One thing per page
Advice that often causes some debate is doing “one thing per page”.
The advice to start with this pattern often runs into resistance for internal teams. Or products with “expert” users.
Whilst helping run a form workshop for “services week” this topic featured. Both in the wider room and one to one.
The argument is that lots of questions will slow down users who have to do a thing 50 times a day.
This is a fair criticism.
If your users use an interface everyday, the patterns that work for them may be different.
For me though, I like to explain the “one thing” a little differently.
That is, “one thing” is a flexible concept. Yes, it can mean one question or one input. But one thing can also mean several inputs but one concept.
For a user who submits identical claims 50 times a day the whole “claim” could be one thing. A user who uses your service once a year won’t have the whole thing in their head.
The question isn’t “should we do one thing or lots of things?”. It is establishing what task users want to do. What sized task they can do without having to think.
The question isn’t whether your user should do “one thing” or not. It is what that one thing means.
The worst thing you can do though is assume that your users can cope with several things per page without evidence.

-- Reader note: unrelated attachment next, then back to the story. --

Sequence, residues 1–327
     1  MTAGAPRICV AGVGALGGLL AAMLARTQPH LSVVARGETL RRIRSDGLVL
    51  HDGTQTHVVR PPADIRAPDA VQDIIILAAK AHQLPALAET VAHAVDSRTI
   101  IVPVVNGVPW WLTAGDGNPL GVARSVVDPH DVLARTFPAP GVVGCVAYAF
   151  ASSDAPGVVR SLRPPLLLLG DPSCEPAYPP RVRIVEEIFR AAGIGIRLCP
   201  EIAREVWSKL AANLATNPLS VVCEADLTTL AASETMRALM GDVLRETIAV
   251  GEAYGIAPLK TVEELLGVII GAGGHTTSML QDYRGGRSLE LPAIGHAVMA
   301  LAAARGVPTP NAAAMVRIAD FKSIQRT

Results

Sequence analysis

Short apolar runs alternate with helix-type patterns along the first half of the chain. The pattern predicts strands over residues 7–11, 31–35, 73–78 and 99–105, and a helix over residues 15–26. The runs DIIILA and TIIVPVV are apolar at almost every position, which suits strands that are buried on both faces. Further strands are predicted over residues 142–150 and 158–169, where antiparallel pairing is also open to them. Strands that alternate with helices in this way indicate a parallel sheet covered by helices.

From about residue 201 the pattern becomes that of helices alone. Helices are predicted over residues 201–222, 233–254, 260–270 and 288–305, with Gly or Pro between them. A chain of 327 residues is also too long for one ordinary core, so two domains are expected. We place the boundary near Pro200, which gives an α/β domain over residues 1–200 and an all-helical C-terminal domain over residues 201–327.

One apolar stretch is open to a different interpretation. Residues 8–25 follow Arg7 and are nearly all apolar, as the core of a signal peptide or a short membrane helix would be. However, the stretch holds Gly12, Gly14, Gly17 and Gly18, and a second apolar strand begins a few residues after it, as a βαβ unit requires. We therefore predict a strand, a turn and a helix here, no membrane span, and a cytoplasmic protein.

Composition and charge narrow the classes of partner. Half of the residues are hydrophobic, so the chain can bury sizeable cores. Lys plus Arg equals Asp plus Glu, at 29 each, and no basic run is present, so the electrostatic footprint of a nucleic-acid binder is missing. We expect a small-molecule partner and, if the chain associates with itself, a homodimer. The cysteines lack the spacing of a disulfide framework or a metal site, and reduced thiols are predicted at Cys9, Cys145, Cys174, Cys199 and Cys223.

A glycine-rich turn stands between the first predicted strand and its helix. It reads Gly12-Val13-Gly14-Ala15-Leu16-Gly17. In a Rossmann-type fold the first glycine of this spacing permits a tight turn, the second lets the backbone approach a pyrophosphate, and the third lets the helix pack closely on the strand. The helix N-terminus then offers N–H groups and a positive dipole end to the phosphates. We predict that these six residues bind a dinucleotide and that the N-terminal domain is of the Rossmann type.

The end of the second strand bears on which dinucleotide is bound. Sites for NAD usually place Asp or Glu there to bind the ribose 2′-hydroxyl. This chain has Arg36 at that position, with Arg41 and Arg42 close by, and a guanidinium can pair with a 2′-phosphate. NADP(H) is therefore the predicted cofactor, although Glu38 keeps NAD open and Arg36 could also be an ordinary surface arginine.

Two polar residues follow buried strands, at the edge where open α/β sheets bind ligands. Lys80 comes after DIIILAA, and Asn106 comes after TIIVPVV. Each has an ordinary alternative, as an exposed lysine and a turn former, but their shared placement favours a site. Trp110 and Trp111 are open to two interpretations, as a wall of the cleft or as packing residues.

A little while back I reviewed a team’s service. They had some serious issues with users struggling to complete their registration process. They tried to cover this with a “save and continue” button.
But the solution was solving the symptom.
The issue was that they were assuming too much. Assuming that their users would understand the questions they were asking.
They had rejected the “one thing per page” pattern as needing “too many clicks”. But had they used it, they would have discovered the questions that users found easy. And those they found hard. Those questions that could grouped. And those that needed another page.
Users were struggling on the third question into the service. They had assumed their professional users would know the answer to these questions. They didn’t.
Start by breaking down what you need from your user into the smallest questions possible. Only deviate when you have good evidence you can group questions together.
Start with one thing per page. The smallest thing. And only expand when you have clear evidence to do that. But also find out what that “one thing” means. And the best way to ask it. Whether it is one question or several.